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Year of the Golden Pig

By: Marc Pollack Posted: January-01-2008 in
Marc Pollack

Year of the Golden Pig, an exhibition of paintings, sculptures and prints, by Sasha Constable and Vincent Broustet opened Wednesday at Java Café and Gallery.

Ms Constable is a long time expatriate to Cambodia. She is well known for her stone sculpture and mono-prints, but this time she steps out and makes a break from her past work. The theme is maternity, well not quite, it's actually pregnancy, a theme she ascribes to the auspiciousness of birth during the Year of the Golden Pig. She has made plaster casts and paintings of pregnant bellies. Can you think of a more interesting shape? In the past she has frequently looked at forms from a classical, cubist point of view. In this case she has literally looked at the form from the outside and the inside, reducing the shape to molded planes of color: gold on the outside, red on the inside or black with letters declaring, "it's a boy!" They are freestanding, organic forms, so one could almost forget that they are specific people.

Madame Constable also attaches her bellies to the wall in 37 Weeks where they give the feeling of an intimacy with an unknown stranger. This works because of the abstract qualities of the shapes. And they have an added touch of elegance because they give a reddish glow, reflected from the inside, where, although the viewer cannot see it, they have been painted red. Sasha makes no attempt to hide the plaster gauze that she uses for the molds and it adds to the image of a swaddled form. In this triptych she finally wraps gauze over the form and around the support to give a veil to the sculpture. Is there any piece of clothing more feminine than a veil?

Ms Constable also exhibits two paintings and two large drawings. All four owe their strength to a dramatic contrast of light and dark, black and white. The acrylic paintings use dry pastel to add bright color. Feeding could be a study for the sculptures as the subject is a stomach enceinte, transparent and open for all to see, reminiscent of Leonardo's famous drawings. Like the sculptures, it is a glimpse into the intimate made public. Sasha also exhibits sculptures and prints that are much closer to work she has shown previously: good and interesting work but without the edge of the other pieces.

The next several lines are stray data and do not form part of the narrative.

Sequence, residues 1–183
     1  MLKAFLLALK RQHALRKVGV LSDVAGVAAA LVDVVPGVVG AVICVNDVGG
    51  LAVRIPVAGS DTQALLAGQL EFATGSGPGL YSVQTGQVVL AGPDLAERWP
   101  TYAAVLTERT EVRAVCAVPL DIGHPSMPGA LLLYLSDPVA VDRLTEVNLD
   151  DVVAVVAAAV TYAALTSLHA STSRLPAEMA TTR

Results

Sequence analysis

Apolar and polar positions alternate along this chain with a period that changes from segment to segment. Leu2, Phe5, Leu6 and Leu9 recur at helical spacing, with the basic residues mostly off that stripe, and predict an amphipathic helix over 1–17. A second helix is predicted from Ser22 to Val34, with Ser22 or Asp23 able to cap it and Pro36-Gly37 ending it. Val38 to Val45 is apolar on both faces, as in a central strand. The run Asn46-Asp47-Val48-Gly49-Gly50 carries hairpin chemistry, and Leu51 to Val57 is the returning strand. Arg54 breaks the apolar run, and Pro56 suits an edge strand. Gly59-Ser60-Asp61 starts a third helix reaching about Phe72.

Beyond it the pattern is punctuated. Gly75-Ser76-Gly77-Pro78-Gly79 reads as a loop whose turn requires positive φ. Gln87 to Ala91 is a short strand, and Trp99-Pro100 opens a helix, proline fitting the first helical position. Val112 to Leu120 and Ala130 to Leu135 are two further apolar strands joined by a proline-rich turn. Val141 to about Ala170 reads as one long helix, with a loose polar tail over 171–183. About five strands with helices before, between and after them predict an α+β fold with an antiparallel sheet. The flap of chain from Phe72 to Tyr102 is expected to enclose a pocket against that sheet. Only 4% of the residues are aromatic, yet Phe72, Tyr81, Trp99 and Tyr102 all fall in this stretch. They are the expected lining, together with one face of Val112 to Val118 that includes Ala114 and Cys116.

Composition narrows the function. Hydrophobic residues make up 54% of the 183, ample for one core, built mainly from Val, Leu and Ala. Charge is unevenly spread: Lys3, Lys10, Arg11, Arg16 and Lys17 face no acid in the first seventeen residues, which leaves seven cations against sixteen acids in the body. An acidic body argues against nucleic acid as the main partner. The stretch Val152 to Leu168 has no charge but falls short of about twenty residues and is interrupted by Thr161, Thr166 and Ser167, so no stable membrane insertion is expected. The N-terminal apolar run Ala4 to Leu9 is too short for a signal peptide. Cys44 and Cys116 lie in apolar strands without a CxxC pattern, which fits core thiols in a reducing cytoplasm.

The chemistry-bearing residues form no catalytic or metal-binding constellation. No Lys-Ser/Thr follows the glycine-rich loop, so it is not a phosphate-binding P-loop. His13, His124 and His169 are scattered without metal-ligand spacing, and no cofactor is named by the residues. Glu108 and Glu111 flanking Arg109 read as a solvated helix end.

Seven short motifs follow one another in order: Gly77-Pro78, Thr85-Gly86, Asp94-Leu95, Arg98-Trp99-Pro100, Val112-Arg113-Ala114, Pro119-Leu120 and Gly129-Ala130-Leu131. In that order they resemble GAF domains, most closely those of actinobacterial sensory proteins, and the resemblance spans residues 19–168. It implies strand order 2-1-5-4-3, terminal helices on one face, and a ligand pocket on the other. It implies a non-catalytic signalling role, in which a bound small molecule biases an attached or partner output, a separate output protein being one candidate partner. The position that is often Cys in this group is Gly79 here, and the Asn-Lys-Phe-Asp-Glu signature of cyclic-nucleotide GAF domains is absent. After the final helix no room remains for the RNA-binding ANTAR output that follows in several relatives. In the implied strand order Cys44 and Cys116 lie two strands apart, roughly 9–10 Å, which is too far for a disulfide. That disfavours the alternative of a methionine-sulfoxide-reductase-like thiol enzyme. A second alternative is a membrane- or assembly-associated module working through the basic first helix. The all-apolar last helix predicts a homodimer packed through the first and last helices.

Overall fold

Vincent Broustet exhibits large abstract paintings and a sense of humor. In his Too Good To Be True series he builds his paintings with layers of brown, green and blue-grey washes of various thicknesses. It appears that sometimes he adds a layer only to remove it and leave an indication of its former presence: the marks of a rag or brush, the canvas slightly stained. Sometimes it is difficult to realize that they are landscape paintings. I would venture to imagine that he looks into the traditional Cambodian theme of the endless void and the turning of the milk sea. And when he is ready, he smiles and stamps them with a golden mini-trident, symbol of Vishnu, or a golden pig. Bravo!

Mr. Broustet also exhibits what are actually color-field paintings of brilliant yellows and oranges. His competence as a figurative painter is downplayed and subordinate to his vibrant colors which are even more powerful because they are on large canvases. Subtly hidden within the fields are images: a (golden?) pig having a splinter removed or hanging to be butchered. They are titled John I'm Only Dancing. At least someone still has a sense of humor even if it's at the pig's expense. They may sound gory but they aren't at all. In fact, somehow they have a real sense of Cambodian reality, abstract surrealism and even a reference to the classical subject matter of butchered animals.

He also has large human figures in The Two of Us painted with the same colors as the color fields. This deeply integrates the figures into the painting and preserves the paintings as tableaus of color while at the same time giving a subtly contrasting image that does not overshadow the overall effect.

Once again, Java has shown a commitment to bringing high quality, stimulating art work to Phnom Penh.


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